We commend the efforts of a Parksville businessman to encourage a bit of healthy patriotism and national pride in the Parksville Qualicum Beach area.
A “flag challenge” issued by Dr. Andy Biro can be a fun way to spark interest and even decorate our communities.
But beware the example you choose to emulate in promoting the symbols that represent your cultural identity.
Dr. Biro lamented the relative lack of maple leaf banners waving in the mid-Island breeze, and compared it to the proliferation of stars and stripes found in communities of all sizes in our neighbour to the south.
Yes, the United States is big on the flag-waving. The NEWS staff includes a couple of U.S. expatriates who can readily vouch for that.
The notion that every U.S. flag-waver also bears a firearm with which to protect it is, of course, a scurrilous slander.
In any case, flags as national symbols emerged on a large scale only in the past 200 years or so.
Before that, they were employed — going back as far as the Roman legions and beyond — as guidons or pennants to designate military units in battle. During the Middle Ages, they were seen as an easier way to identify a friendly knight than the heraldic crest he already wore.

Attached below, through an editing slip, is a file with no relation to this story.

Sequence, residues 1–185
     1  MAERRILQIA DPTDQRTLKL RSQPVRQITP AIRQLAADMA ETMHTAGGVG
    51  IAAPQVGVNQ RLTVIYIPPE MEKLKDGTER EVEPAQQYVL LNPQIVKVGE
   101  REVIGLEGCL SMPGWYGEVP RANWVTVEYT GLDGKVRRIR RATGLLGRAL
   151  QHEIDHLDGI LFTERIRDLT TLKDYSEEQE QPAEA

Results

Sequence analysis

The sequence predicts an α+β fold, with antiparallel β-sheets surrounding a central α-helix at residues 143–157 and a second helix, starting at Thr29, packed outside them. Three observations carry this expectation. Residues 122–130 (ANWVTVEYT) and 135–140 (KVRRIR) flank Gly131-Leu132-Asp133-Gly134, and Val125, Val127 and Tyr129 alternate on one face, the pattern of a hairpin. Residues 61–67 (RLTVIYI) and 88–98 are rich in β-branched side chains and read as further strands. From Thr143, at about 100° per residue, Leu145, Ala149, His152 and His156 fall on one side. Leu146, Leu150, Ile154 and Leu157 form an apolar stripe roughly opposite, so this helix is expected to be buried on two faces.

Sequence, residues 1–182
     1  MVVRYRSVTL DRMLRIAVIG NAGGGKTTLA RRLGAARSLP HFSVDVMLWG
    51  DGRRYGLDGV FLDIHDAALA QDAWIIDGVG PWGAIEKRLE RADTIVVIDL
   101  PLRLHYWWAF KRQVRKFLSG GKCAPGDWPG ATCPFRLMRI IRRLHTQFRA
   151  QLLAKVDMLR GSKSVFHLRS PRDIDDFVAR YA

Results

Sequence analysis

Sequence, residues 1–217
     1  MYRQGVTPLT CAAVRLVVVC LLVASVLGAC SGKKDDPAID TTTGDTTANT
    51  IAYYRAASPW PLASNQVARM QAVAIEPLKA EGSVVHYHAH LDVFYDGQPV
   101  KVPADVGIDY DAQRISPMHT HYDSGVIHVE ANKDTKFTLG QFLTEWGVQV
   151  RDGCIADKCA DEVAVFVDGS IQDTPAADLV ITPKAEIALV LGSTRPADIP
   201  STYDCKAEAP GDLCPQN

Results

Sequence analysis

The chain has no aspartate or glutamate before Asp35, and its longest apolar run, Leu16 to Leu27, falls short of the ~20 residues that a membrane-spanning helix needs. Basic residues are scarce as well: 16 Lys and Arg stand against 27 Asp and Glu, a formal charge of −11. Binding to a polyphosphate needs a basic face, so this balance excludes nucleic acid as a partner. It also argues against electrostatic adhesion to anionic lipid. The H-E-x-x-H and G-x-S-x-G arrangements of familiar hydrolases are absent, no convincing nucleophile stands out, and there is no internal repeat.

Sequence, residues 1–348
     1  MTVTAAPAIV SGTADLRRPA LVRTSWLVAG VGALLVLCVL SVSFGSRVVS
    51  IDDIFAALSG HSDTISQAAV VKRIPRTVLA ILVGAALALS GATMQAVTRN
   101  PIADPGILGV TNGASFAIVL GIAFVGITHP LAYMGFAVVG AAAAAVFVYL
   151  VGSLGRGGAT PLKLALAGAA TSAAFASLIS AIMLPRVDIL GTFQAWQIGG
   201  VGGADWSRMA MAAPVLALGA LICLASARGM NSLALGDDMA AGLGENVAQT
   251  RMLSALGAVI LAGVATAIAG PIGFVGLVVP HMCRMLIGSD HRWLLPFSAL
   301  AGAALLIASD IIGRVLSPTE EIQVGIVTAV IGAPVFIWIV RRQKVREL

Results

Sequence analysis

Of course, an easy way to identify yourself to a friend on the battlefield worked just as well for the other guy. During the U.S. Civil War, one of the highest honours for a soldier was being chosen as his unit’s flag-bearer. The other high honour was knocking the opponent out from under his own flag.
We’re not saying raising the red and white maple leaf over Parksville Qualicum Beach will make us targets. But it is understandable a nation known more for its peacekeepers than for its war-making would be a bit reticent about exhibiting the occasionally more belligerent behaviour of others.
Besides, it’s not as if Canadians are unwilling to fly the flag while expressing their country’s superiority to others. We do it every four years during the Winter Olympic hockey finals.
Maybe it is time to try it in the summer. You only turn 150 years old once, after all.
— Parksville Qualicum Beach News